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Does Being Openly Gay Affect Performance Appraisal

By Clemson University - 2014-10-19 - Updated: 2015-01-17

Summary

Researchers say knowing an actor is gay significantly affected ratings of his masculinity, but there was no significant effect on ratings of his acting performance.

"The findings indicate that knowledge of an actor's sexual orientation doesn't necessarily cause their performance to be perceived in light of stereotypes about gays and lesbians."

Main Document

A team of researchers tested the hypothesis claimed by recent news columns that an "out" actor cannot convincingly play a heterosexual because knowing someone is gay will bias perceptions of his or her performance.

Ranked No. 25 among national public universities, Clemson University is a major, land-grant, science- and engineering-oriented research university that maintains a strong commitment to teaching and student success. Clemson is an inclusive, student-centered community characterized by high academic standards, a culture of collaboration, school spirit and a competitive drive to excel.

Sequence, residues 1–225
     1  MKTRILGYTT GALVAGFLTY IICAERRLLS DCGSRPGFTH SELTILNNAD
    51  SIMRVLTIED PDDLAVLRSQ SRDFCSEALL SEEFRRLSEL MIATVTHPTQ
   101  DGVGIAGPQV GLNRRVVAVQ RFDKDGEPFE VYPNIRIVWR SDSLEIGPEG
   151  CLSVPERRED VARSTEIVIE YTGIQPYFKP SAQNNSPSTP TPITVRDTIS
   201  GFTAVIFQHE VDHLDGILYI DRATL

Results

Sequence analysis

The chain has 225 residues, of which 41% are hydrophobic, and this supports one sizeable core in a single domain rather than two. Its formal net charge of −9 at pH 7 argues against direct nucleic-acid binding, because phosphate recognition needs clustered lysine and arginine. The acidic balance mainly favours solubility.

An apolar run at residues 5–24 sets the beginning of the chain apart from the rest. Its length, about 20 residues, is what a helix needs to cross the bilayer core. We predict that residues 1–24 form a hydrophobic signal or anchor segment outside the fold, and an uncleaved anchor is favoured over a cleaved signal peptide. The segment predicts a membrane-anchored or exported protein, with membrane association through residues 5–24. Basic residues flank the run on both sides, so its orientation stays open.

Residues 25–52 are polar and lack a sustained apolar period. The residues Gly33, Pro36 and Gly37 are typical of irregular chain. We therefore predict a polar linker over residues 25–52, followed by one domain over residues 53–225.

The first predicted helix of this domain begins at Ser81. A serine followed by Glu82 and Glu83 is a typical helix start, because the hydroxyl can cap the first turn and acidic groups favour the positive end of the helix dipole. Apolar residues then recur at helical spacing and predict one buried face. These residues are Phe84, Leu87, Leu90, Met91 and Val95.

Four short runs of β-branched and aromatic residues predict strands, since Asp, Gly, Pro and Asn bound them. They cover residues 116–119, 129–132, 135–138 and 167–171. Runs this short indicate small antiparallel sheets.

A team of researchers tested the hypothesis claimed by recent news columns that an "out" actor cannot convincingly play a heterosexual because knowing someone is gay will bias perceptions of his or her performance.

Led by Paul Merritt, assistant professor in the Clemson University Department of Psychology, the researchers published their findings in the journal Psychology of Popular Media Culture.

"Early research showed that people tend to perceive a direct connection between sexual orientation and established gender roles, especially in the entertainment industry," said Merritt. "However, these new findings indicate that knowledge of an actor's sexual orientation doesn't necessarily cause their performance to be perceived in light of stereotypes about gays and lesbians."

Nearly 400 college students participated in the study by answering questions about a male actor's fictional Facebook page that included a photograph and basic demographic information, including sexual orientation. After watching a video of the actor's performance, participants rated the performance and their likelihood of casting the actor in their own productions.

The findings indicate that knowledge of an actor's sexual orientation doesn't necessarily cause their performance to be perceived in light of stereotypes about gays and lesbians. Moreover, there was no significant effect on ratings of a knowingly gay person's performance.

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